Lydia Denno has worked for the past ten years as a theatre designer, designing sets, costumes and props for regional and London theatres.
She sees the design of a production as a visual chronicle which runs concurrently to the text of the play. The design primarily assists and contextualises the story, but can also provide narrative deviations beyond the spoken word in order to lay clues to character history or to emphasise a theme or philosophy of thought. Her work is often symbolic and representational.
She is drawn towards under-represented stories and characters, is inspired by what can be communicated in the most minute of moments, and excited by what stories lie in the detail.
Lydia has recently completed an MA in Authorial Illustration and has since developed a strand of her practice using the stage of the page; experimenting with the form of the book, and the dialogue between words and illustrations, to explore the storytelling of the quotidian.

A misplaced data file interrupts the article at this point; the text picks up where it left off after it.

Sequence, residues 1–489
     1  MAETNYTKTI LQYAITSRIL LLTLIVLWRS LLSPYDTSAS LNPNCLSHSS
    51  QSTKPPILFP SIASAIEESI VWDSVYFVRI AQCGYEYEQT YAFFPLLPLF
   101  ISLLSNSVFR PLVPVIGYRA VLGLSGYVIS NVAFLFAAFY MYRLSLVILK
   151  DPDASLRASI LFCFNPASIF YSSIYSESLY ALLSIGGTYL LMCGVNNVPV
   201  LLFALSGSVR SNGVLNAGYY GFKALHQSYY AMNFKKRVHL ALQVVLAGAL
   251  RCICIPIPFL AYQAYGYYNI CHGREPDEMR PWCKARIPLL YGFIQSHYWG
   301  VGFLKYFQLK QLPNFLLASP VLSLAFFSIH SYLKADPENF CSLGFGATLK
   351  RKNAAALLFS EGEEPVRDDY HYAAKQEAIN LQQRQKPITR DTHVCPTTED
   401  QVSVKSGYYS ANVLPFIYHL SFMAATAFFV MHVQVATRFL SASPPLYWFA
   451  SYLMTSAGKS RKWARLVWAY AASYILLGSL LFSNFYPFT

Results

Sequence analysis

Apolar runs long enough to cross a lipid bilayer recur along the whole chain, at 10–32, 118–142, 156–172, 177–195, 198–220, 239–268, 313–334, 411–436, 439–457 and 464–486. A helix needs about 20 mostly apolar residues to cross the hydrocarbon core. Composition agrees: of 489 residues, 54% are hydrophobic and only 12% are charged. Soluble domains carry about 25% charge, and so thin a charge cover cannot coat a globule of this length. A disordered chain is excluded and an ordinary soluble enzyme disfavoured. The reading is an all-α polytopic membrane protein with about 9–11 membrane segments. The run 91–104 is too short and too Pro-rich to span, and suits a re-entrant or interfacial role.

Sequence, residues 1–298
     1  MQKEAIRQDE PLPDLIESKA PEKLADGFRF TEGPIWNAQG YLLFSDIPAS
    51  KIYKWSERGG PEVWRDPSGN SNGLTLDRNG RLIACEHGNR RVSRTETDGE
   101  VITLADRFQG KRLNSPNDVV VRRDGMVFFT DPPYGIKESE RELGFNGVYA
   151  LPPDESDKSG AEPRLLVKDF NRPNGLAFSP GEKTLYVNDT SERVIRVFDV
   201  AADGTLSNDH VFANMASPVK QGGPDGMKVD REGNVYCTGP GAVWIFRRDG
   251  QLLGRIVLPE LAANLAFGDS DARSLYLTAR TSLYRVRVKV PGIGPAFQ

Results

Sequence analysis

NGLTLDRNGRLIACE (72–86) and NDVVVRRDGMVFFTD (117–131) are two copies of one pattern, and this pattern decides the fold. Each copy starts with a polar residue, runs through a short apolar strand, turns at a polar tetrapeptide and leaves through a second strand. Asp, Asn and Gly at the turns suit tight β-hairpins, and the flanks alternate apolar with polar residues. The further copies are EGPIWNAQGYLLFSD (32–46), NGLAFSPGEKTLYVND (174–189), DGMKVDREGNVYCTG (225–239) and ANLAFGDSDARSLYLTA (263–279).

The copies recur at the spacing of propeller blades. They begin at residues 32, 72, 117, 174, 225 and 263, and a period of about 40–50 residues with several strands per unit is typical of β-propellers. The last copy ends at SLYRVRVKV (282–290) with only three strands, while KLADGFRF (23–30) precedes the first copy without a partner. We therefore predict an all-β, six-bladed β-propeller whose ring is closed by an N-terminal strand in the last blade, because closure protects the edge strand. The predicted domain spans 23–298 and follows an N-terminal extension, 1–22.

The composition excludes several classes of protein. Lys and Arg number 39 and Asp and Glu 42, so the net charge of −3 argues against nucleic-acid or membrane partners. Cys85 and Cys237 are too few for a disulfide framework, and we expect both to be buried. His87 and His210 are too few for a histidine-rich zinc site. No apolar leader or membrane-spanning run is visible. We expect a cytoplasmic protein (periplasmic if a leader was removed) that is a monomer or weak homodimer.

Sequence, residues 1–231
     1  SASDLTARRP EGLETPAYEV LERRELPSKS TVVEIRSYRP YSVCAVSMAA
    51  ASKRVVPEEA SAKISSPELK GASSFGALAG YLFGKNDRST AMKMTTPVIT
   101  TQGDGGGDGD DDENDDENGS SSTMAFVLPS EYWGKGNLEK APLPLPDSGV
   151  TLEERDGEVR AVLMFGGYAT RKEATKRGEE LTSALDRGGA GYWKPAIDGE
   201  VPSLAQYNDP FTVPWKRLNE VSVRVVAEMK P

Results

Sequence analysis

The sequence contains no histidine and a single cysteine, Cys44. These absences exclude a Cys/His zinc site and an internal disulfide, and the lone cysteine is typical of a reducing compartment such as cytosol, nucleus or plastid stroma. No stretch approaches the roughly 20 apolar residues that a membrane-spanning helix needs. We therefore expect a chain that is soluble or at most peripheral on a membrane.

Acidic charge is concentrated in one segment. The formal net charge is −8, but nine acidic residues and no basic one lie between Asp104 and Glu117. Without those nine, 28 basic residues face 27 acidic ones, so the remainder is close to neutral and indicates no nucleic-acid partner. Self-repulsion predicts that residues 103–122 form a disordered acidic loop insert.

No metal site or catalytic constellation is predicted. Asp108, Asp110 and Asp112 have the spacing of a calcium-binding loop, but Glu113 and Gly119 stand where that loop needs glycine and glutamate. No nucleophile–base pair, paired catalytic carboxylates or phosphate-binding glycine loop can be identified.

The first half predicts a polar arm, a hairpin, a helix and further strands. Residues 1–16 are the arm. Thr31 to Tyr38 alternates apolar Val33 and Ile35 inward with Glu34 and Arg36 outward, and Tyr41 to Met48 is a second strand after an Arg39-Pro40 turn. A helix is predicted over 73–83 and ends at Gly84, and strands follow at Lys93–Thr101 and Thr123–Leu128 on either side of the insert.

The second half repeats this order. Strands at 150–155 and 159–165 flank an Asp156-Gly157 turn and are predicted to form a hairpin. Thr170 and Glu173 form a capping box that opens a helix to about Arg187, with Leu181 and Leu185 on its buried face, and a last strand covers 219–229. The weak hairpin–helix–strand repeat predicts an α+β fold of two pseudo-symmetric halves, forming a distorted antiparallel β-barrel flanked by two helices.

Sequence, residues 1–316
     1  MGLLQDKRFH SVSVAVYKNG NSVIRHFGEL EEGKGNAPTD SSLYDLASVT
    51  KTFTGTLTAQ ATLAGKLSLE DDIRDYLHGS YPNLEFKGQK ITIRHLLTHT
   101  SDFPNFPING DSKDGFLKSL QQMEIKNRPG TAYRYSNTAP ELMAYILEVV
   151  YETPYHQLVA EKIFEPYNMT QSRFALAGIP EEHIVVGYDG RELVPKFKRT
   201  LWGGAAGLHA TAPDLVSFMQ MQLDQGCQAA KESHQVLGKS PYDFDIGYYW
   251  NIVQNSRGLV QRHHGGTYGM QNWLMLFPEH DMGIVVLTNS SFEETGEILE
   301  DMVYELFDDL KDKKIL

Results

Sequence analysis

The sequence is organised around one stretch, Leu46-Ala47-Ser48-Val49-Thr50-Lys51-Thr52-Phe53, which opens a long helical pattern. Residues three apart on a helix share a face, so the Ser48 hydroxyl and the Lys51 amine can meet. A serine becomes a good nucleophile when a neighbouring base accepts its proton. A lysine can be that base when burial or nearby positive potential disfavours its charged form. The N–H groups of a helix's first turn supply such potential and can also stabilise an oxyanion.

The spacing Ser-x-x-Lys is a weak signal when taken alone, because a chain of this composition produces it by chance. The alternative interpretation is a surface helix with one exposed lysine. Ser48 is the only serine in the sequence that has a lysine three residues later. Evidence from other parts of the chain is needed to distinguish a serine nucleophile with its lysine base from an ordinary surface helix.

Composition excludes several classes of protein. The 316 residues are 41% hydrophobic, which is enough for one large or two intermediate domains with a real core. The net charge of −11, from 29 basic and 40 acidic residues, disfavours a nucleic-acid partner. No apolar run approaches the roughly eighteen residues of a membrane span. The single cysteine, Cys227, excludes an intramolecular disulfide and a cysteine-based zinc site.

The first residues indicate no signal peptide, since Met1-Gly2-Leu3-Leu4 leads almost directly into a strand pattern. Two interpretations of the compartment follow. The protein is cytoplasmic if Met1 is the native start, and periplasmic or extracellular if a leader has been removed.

Her recent illustration work has two core lines of enquiry;
The first is an interest in non-momentous occasions that leave a mark.
What impact might there be in the smallest of moments and the most banal of gestures?
The second is concerned with the relationship between ‘lines’; lived, drawn and written. What lines do we forge on the landscape tangibly and metaphysically as we live and move; what lines do we inscribe into people’s memories, and how might these lines be seen as accumulating illustrations or poems that we will draw or write over the course of a lifetime?